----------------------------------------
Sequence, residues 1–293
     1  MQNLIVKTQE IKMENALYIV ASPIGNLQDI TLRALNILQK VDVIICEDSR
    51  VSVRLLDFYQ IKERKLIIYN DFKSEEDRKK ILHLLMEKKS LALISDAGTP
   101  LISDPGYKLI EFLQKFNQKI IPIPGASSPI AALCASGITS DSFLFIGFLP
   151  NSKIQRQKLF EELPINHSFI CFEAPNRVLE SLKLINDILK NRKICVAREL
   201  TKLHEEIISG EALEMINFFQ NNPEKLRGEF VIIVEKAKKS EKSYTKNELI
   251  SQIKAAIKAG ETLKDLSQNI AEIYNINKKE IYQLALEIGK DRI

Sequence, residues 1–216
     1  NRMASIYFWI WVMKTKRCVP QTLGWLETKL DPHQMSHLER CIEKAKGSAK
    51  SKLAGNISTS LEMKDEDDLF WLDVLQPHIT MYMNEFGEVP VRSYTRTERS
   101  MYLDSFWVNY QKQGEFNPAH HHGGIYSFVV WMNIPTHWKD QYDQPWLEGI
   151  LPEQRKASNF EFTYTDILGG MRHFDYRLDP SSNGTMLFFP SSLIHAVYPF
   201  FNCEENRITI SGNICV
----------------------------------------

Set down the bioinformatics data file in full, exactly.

Sequence, residues 1–293
     1  MQNLIVKTQE IKMENALYIV ASPIGNLQDI TLRALNILQK VDVIICEDSR
    51  VSVRLLDFYQ IKERKLIIYN DFKSEEDRKK ILHLLMEKKS LALISDAGTP
   101  LISDPGYKLI EFLQKFNQKI IPIPGASSPI AALCASGITS DSFLFIGFLP
   151  NSKIQRQKLF EELPINHSFI CFEAPNRVLE SLKLINDILK NRKICVAREL
   201  TKLHEEIISG EALEMINFFQ NNPEKLRGEF VIIVEKAKKS EKSYTKNELI
   251  SQIKAAIKAG ETLKDLSQNI AEIYNINKKE IYQLALEIGK DRI

Sequence, residues 1–216
     1  NRMASIYFWI WVMKTKRCVP QTLGWLETKL DPHQMSHLER CIEKAKGSAK
    51  SKLAGNISTS LEMKDEDDLF WLDVLQPHIT MYMNEFGEVP VRSYTRTERS
   101  MYLDSFWVNY QKQGEFNPAH HHGGIYSFVV WMNIPTHWKD QYDQPWLEGI
   151  LPEQRKASNF EFTYTDILGG MRHFDYRLDP SSNGTMLFFP SSLIHAVYPF
   201  FNCEENRITI SGNICV